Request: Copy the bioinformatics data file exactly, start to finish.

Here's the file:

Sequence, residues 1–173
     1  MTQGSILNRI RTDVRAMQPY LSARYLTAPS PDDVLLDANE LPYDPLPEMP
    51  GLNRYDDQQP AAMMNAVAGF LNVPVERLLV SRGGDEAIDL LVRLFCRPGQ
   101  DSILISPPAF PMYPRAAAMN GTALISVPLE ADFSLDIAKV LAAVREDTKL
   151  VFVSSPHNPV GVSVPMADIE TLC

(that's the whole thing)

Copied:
Sequence, residues 1–173
     1  MTQGSILNRI RTDVRAMQPY LSARYLTAPS PDDVLLDANE LPYDPLPEMP
    51  GLNRYDDQQP AAMMNAVAGF LNVPVERLLV SRGGDEAIDL LVRLFCRPGQ
   101  DSILISPPAF PMYPRAAAMN GTALISVPLE ADFSLDIAKV LAAVREDTKL
   151  VFVSSPHNPV GVSVPMADIE TLC